rage-roomThe Disassembly Room — the rage room’s official name — allows users to don some protective gear and then smash plates, throw stemware, splinter mirrors into shards, break the opposing team’s logo, and take a sledgehammer to a television set.  Philadelphia fans apparently endorsed the idea of a rage room as allowing them  to have some “harmless fun.”  Although the linked article doesn’t say, presumably the use of the Disassembly Room comes at a cost — and I expect that only one person at a time gets to use it.  When it’s in use, by the way, other guests can watch the rage in progress via closed-circuit TV and get their violent activities fix remotely.

Speaking as a lifelong Cleveland sports fan who has experienced some of the boiling frustration that comes from failed sports teams, I can understand the impetus for a sports “rage room.”  But, seriously, is giving angry sports fans a place to vent really a good idea that is “harmless fun” — or is it encouraging acting out violent tendencies that people should be trying to control instead?  I’m not sure handing a sledgehammer or tire iron to somebody whose team just lost a crucial game really makes a lot of sense.

Maybe a Calming Room, where soothing lights and music are featured and back and neck massages are administered to users, would be a better idea.

The Lot Of The Working Stiff

Starbucks is embroiled in protests in Philadelphia due to an incident in one of its stores.  As CNN reports it, two African-American men initially initially asked to use the restroom inside the store “but were told the cafe’s bathrooms were for customers only. They then occupied a table without making a purchase, which many observers have noted is a common occurrence at the franchise’s locations.  A manager called police after the men declined to leave the premises because, they said, they were waiting for an acquaintance.”  Police then took the men out of the building, and the men were detained.

The incident has provoked outrage and resulted in a sit-in, other protests, and lots of criticism of Starbucks, and the manager who called the police is no longer working at the location in question.  Starbucks CEO has apologized, and Starbucks has announced that every one of its 8,000 stores in the U.S. will close the afternoon of May 29 to “conduct racial-bias education geared toward preventing discrimination in our stores.”

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But this post isn’t about the unfortunate incident, the protests, or Starbucks’ response to the incident.  Instead, it’s about one picture taken during the protests, which appears at left — a photo of a Starbucks employee behind the counter at the store, wearing bright green Starbucks garb with “Zack” written on his apron, staring stolidly ahead while facing a protester with a bullhorn who is standing about three feet away.  That one picture, to me, aptly illustrates the lot of the working stiff.  Zack, the order-taking counter guy, isn’t the CEO of Starbucks, or the manager who made the decision to call the police, and we don’t know whether he was even in the store when the incident occurred.  But when things go south and the corporate crap hits the fan, it’s the little guys like Zack who show up for work and get sent out to face the music — and in this case, the bullhorn.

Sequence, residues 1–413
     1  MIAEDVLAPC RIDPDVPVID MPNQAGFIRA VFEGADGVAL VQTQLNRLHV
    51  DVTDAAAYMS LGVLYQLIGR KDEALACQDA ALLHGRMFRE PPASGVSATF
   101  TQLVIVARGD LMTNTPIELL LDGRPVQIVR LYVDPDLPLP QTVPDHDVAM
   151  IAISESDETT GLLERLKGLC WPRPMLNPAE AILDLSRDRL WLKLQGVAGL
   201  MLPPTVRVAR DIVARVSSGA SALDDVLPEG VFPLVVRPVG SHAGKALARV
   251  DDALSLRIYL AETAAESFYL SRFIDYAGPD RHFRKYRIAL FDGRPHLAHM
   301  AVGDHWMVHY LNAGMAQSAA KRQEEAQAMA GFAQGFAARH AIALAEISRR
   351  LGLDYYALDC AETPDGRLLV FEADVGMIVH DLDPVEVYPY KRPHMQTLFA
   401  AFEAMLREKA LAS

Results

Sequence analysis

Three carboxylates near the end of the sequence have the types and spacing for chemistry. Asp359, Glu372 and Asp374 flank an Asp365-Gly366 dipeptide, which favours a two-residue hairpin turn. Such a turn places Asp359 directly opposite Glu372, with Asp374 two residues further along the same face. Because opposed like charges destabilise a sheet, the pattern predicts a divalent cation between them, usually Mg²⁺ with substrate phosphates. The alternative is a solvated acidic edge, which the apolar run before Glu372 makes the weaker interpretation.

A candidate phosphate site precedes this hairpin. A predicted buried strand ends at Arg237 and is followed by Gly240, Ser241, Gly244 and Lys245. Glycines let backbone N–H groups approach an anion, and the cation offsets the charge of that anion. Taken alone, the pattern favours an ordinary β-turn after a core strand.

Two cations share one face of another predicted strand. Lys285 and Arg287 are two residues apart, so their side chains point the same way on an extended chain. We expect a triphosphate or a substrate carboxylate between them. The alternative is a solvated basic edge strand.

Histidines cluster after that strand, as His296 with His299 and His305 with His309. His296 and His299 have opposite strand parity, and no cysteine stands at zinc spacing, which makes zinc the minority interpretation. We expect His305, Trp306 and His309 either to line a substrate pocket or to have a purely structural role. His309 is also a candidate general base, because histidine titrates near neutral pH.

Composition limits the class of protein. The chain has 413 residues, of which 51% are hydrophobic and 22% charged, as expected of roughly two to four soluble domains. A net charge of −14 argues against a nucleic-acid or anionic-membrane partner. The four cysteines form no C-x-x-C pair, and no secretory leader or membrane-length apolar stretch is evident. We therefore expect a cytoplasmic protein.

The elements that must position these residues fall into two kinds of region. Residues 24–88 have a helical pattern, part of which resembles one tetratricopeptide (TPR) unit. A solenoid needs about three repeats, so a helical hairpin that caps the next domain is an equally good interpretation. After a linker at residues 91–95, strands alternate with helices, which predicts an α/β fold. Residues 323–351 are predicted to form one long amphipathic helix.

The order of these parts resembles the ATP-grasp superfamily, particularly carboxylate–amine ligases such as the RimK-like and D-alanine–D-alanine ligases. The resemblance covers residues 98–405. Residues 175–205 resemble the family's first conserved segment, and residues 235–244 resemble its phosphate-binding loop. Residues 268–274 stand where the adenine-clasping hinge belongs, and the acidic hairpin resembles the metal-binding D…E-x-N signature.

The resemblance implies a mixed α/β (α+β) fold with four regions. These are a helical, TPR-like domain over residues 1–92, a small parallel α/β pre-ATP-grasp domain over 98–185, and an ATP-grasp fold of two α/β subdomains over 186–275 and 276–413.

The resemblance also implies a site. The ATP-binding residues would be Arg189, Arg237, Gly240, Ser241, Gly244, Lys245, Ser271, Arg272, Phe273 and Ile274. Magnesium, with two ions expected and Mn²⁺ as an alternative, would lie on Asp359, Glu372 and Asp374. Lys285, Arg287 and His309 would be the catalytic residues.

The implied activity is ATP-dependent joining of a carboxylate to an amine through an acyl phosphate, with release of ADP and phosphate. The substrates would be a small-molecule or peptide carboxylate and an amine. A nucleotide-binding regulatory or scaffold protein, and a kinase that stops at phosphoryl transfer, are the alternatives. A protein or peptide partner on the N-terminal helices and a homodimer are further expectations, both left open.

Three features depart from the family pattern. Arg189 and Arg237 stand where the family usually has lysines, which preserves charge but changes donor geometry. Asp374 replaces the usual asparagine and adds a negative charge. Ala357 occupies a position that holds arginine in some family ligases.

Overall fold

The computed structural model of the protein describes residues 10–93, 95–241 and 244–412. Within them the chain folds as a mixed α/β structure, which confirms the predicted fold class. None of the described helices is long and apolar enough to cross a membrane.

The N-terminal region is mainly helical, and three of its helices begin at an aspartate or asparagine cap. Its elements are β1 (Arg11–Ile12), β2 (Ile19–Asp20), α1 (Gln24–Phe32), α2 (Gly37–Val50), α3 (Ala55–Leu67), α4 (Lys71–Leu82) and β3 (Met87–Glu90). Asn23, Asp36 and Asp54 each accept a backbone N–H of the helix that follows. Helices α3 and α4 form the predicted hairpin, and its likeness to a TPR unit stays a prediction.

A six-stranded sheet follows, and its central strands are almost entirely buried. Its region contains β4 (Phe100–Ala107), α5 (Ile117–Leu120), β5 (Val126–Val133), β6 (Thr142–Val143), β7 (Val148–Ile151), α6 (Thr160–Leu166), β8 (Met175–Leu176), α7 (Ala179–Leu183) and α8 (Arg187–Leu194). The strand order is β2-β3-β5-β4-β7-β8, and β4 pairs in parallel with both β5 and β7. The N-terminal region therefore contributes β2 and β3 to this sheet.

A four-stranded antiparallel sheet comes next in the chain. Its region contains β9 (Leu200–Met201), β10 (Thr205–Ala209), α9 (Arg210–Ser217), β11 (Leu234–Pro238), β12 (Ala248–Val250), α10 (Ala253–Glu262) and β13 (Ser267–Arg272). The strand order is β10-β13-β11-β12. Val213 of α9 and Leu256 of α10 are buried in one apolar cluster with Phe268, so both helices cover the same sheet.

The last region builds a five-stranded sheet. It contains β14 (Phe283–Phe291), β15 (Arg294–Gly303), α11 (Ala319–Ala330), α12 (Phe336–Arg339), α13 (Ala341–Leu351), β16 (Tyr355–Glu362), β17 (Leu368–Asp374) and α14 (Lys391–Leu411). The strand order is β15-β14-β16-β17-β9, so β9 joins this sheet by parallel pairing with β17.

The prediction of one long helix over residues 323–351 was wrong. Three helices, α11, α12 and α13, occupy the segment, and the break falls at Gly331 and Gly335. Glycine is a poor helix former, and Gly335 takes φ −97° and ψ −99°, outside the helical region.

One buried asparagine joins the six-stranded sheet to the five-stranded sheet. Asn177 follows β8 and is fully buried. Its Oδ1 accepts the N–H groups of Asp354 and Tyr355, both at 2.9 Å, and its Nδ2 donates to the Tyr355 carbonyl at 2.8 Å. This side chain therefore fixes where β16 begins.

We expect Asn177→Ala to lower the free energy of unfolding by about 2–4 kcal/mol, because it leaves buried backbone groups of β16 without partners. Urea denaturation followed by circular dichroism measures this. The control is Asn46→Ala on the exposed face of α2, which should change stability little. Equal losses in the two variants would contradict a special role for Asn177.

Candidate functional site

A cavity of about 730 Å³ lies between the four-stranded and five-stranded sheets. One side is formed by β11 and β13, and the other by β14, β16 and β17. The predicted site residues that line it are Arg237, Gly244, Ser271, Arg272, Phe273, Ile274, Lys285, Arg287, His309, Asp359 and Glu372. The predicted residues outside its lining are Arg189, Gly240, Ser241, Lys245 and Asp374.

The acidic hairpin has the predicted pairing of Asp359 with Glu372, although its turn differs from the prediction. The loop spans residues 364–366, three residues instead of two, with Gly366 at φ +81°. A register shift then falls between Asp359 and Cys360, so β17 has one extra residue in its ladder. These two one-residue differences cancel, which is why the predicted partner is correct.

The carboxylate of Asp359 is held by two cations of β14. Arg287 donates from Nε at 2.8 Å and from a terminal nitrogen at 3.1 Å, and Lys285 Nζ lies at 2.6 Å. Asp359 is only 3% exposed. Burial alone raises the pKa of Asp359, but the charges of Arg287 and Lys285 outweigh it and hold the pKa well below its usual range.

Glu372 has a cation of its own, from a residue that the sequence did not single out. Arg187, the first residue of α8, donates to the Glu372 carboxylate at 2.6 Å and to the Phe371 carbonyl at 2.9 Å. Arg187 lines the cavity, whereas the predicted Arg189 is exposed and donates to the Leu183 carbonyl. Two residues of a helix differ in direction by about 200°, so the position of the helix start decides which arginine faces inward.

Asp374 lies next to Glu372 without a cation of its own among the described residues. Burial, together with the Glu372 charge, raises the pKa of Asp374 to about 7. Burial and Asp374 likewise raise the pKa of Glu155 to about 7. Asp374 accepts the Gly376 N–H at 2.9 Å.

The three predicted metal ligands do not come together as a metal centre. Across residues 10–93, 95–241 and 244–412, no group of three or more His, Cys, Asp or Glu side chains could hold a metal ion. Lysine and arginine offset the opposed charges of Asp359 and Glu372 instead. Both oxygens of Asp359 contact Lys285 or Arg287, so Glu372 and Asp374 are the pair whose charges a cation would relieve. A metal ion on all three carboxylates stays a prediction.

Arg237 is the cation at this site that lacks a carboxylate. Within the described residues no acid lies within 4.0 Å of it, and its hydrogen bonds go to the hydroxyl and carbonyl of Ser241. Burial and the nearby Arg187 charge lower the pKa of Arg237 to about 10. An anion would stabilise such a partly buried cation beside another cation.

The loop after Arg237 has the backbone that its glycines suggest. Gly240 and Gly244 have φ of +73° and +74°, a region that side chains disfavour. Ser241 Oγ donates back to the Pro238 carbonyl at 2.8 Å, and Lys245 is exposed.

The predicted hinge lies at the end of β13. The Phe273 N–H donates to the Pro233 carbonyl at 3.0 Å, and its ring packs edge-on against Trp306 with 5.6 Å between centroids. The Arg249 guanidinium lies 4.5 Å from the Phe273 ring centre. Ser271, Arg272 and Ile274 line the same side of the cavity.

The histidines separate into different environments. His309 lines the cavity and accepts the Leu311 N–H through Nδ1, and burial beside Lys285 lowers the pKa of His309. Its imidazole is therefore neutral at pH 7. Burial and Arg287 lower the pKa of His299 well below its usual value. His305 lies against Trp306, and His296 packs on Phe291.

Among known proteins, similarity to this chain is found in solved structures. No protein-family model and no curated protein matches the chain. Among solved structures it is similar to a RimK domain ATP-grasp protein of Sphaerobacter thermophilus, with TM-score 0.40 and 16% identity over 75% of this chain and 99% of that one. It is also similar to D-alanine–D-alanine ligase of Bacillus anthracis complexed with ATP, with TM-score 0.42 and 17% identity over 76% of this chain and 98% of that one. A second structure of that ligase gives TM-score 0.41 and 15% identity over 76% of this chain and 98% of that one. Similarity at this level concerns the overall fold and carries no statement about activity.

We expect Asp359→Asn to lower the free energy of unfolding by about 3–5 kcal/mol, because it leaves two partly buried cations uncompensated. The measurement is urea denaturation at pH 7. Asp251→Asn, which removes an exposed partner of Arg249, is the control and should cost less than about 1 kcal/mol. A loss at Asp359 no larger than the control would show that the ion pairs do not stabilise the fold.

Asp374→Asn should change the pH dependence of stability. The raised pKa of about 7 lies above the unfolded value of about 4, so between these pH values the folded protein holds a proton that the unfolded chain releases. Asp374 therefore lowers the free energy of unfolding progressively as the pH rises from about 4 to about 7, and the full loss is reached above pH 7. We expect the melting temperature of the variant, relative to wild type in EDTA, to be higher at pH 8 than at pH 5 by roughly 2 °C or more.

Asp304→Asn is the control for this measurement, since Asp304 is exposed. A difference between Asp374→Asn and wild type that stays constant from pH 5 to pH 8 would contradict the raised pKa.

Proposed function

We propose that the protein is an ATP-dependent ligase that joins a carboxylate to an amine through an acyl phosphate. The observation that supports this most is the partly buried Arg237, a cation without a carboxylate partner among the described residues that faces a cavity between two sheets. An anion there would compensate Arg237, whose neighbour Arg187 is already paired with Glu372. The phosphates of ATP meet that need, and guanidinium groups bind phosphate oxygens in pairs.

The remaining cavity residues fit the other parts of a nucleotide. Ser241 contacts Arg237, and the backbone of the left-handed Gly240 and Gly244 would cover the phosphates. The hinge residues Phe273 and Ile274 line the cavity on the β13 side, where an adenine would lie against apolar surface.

I’ve never had jobs where I had to deal with sit-ins and protesters using bullhorns, but I expect many of us have had jobs where we were the minimum-wage workers who had to deal with the red-faced customers who were angry about a decision we didn’t make.  And if you’ve had such a job, you suspect you know exactly what Zack was thinking at the moment the above photo was taken:  he’s thinking that the pay he’s getting just isn’t worth it, he’s wondering how long it is until his shift ends, and he’s trying to get to his mental happy place.  We’ve all been there.

And it also makes you wonder:  wouldn’t it be interesting to see how CEOs and high-level executives would deal with the bullhorn scenario?

“Celebrating” The Super Bowl

The Philadelphia Eagles won the Super Bowl last night, and then the city of Philadelphia “celebrated” with a riot.

1226802Journalists listening to calls coming in on the Philadelphia police scanner heard about Christmas trees being set ablaze, drunken people climbing telephone poles, and marauding people roaming highways.  People flipped over cars, pulled down light poles and traffic lights, threw bottles, and destroyed property.  And, of course, people were injured in the melee, either from being assaulted by other rioters or by falling from the places where they shouldn’t have climbed in the first place.  For hours afterward, the victory in a football game turned downtown Philadelphia into a dangerous, violent place where the law and normal rules of behavior went out the window.

It’s an all-too-familiar story, where a sports victory causes a bunch of drunken fans to go crazy.  It’s happened before in Philadelphia, and in other American cities.  It’s not just an American phenomenon, either — it seems to happen with European soccer fans, too.

I can understand the impulse to go outside and be with fellow fans to celebrate your team’s big win, but I don’t get why, in many instances, the celebration suddenly turns violent and destructive.  I guess it’s just the influence of alcohol and drugs and fellow “celebrants” who are really just looking for an excuse to break things up and throw a few bottles, and a few punches.